Friday, December 22, 2017

Friday's Forgotten Books, December 22, 2017


Louise Penny is the author of the Armand Gamache mysteries, which began with the award-winning STILL LIFE. (from the archives)

The Franchise Affair by Josephine Tey


I'm not totally convinced she's been forgotten - I sure hope she hasn't.
But this is my small contribution to helping spread the word. For many
years my favorite Tey book was the remarkable, The Daughter of Time.
Infact, I was resistant to reading The Franchise Affair - perhaps out of a
misguided sense of fidelity to The Daughter of Time. I didn't want to be
seen playing footsy with another one of Tey's creations. Or, more likely,
it was the ridiculous title. The Franchise Affair? I ask you. It sounds
like love among the french fries, or groping in the donuts.

Instead, when I finally succumbed and read The Franchise Affair I was
treated to what I now believe is the best mystery of all time. My heart was
quite stolen.

There's no body, no murder in The Franchise Affair, though it is based on
the 18th century case of Elizabeth Canning. Like all of Josephine Tey's
books it's about appearances vs reality. Perceptions and manipulation.
Duality. What else drives a really great mystery? Not blood, not a body -
but what's eating away at the marrow. Our deepest selves, hidden, masked.
Then agonizingly revealed.

On the surface The Franchise Affair is about a fresh-faced young woman,
barely more than a girl, who accuses an elderly woman and her spinster
daughter of kidnapping and holding her in their dreary old home on the edge
of the village.

Like all of Tey's works this one is short, almost novella length. And
crystalline in its clarity. It is, in short, brilliant. Disturbing, witty,
insightful. And more horrific than any body count could ever achieve.

Josephine Tey - a pen-name for Elizabeth MacKintosh - wrote all 6 of her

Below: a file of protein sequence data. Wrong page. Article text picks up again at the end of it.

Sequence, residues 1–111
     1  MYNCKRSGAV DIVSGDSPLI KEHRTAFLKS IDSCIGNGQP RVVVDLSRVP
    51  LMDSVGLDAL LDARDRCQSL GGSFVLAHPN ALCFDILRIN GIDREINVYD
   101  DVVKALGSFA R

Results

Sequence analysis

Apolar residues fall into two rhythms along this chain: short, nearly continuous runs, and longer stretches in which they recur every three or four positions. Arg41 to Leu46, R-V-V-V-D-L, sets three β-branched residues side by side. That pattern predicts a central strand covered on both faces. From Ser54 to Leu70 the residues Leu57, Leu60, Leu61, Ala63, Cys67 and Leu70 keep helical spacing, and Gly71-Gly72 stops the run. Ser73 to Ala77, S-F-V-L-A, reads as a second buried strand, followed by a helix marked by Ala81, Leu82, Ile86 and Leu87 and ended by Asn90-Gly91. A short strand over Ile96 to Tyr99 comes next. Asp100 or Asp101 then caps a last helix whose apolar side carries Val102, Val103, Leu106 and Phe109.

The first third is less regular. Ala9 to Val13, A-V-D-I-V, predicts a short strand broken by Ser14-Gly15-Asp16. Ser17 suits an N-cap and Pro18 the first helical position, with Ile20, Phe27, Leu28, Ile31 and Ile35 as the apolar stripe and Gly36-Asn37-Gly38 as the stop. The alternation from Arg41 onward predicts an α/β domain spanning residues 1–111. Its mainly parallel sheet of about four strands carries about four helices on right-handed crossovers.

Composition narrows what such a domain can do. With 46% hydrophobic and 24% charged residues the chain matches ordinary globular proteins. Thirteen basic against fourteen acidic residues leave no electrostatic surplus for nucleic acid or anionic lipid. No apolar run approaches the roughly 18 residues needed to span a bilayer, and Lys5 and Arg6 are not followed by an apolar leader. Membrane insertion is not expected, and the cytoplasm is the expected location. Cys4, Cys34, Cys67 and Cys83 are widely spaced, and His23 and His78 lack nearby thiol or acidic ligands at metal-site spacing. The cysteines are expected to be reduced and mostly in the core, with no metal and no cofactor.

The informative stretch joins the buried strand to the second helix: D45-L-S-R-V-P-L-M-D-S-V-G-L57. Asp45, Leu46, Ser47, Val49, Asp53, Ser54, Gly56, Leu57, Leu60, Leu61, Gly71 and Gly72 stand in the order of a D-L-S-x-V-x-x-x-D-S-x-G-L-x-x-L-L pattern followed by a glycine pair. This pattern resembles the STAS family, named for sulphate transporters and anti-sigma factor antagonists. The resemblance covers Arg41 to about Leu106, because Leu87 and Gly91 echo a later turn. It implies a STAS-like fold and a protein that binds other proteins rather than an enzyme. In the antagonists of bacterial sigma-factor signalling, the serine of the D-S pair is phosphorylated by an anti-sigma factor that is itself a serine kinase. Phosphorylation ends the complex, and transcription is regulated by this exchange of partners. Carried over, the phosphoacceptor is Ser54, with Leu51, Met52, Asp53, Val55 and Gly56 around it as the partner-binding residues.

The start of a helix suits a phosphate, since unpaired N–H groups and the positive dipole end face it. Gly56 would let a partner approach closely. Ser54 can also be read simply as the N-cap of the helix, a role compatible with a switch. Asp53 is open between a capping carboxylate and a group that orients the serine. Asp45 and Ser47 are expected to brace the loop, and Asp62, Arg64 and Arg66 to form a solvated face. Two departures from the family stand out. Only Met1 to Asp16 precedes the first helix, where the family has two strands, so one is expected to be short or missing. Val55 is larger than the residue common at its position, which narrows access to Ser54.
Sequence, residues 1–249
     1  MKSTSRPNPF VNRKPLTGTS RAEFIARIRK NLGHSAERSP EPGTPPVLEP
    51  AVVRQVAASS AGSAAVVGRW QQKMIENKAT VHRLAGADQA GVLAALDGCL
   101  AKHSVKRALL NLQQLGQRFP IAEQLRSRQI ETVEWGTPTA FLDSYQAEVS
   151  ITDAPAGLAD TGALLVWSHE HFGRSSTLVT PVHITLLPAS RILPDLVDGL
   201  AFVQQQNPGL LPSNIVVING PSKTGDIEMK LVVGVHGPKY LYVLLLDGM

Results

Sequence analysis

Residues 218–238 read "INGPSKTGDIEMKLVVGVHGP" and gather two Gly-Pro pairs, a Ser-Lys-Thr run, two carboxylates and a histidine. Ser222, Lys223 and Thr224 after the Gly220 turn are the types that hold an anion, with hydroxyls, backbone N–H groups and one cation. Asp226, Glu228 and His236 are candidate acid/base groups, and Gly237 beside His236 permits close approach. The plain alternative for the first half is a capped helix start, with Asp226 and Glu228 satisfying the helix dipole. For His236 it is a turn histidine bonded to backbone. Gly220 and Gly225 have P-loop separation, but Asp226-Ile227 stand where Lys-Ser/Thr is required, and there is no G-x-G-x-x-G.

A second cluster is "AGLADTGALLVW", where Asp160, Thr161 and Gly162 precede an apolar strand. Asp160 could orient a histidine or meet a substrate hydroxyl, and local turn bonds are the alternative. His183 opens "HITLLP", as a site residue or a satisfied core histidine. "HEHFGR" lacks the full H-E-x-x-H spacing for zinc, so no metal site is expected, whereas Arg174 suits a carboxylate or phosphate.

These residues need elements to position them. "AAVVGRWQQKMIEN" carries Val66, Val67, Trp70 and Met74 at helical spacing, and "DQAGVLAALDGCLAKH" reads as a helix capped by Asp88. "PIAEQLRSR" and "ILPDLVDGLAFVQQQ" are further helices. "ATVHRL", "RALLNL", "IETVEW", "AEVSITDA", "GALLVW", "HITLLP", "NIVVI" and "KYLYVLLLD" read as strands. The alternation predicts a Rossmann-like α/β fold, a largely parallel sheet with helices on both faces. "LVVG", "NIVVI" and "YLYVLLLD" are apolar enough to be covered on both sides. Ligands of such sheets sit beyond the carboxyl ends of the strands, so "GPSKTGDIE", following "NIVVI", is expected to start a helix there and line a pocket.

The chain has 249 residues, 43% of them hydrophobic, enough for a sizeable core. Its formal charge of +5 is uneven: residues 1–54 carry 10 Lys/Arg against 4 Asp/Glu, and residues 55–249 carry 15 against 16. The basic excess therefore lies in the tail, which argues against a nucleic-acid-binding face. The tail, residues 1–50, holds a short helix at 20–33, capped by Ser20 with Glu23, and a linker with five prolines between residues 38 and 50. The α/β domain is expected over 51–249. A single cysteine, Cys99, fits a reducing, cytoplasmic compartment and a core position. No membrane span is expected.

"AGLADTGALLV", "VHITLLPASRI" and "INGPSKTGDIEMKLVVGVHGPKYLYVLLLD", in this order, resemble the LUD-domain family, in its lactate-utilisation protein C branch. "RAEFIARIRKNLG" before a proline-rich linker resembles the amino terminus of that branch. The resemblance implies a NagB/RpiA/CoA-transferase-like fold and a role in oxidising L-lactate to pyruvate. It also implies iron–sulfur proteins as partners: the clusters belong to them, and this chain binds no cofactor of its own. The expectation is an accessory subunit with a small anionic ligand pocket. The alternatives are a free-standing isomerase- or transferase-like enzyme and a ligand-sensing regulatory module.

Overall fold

mysteries between 1947 and 1952. Then she died, in her mid-50's. Almost
nothing is known of the woman. No photograph exists of her. Like her
books, she's a mystery. A real woman lurking behind a made-up one. But I
have happily given my heart to her.

Sergio Angelini, ZERO COOL, Michael Crichton
Yvette Banek, THE NOOSE, Philip MacDonald
Les Blatt, BURIED FOR PLEASURE, Edmund Crispin
Elgin Bleecker, MAIGRET'S CHRISTMAS, Georges Simenon
Brian Busby, THE MYSTERY OF THE MUFFLED MAN, Max Braithwaite
Martin Edwards, MISCHIEF, Charlotte Armstrong
Curt Evans, Marion Babson
Charles Gramlich, HAWK OF THE WILDERNESS, William L. Chester
Richard Horton, Carol Emshwiller
Jerry House, ROADS, Seabury Quinn
George Kelley, CRIME FOR CHRISTMAS. ed. Richard Dalby
Margot Kinberg, RED HERRING, Jonothan Cullinane
Rob Kitchin, A COLD RED SUNRISE, Stuary Kaminsky
Evan Lewis, DEAD SOLDIERS, Bill Crider
Steve Lewis, THE CLOCK STRIKES TWELVE, Patricia Wentworth
Barry Malzberg, ANATOMY OF A MURDERER, Peter Rabe
Todd Mason, An Assortment of Reviews 
J.F. Norris, THE CLOCK IN THE HATBOX, Anthony Gilbert
Juri Numellin, HEAD GAMES, Craig Macdonald and Kevin Singles
Matt Paust, THE CONSTANT GARDENER, John LeCarre
James Reasoner, THE CHRISTMAS KILL, Nick Carter
Kevin Tipple/Barry Ergang,, OUTRAGE AT BLANCO 
TomCat, CASE CLOSED, Gosha Aoyama
TracyK, ENVIOUS CASCA, Georgette Heyer

9 comments:

Todd Mason said...

Excellent! Though you got my guest (though Rabe wrote about a KILLER rather than a Latinate sort), but missed mine:

E PLURIBUS UNICORN, Theodore Sturgeon; NINE HORRORS AND A DREAM, Joseph Payne Brennan; (HORROR STORIES FROM) TALES TO BE TOLD IN THE DARK, ed. Basil Davenport

Yvette said...

Good morning, Patti - my entry is posted. Thanks.

Todd Mason said...

I son'r think I knew there is no known photo of "Tey"...a phantom in time.

Glad to see some further reviews of Bill's work. Thanks for putting it together while on holiday.

Charles Gramlich said...

Amazed that I actually got one of these up. Thanks for linking it.

J F Norris said...

Mine's up now:

The Clock in the Hatbox by Anthony Gilbert

Merry Christmas, Patti, and to everyone else out there in Internetland!

J F Norris said...

It's not true that there are no photographs of Josephine Tey. I have one and went to find the original URL to prove it to you and then saw that were over a dozen different photos of her! Including one taken with her sisters. If you want to learn more about her there is a biography that was recently published: A Life: Josephine Tey by Jennifer Morag Henderson.

Yvette said...

I've read every Josephine Tey book I believe. My favorite is and always will be THE DAUGHTER OF TIME though I also love BRAT FARRAR, A SHILLING FOR CANDLES and THE SINGING SANDS. Sad to say, THE FRANCHISE AFFAIR is not on my list of favorites. I never did really get into it and maybe it's just that I read it at the wrong time or maybe I was expecting something else. Anyway, I know I'm in the minority.

Margot Kinberg said...

I'm glad you liked the Tey as much as you did, Patti. She certainly did create some memorable stories. I agree with Yvette that The Daughter of Time is a standout, but a lot of her work is great.

Shay said...

I read The Franchise Affair when I was still young enough to feel bitterly disappointed when the heroine turned down the hero's proposal.

(Add another fan to the list for The Daughter of Time.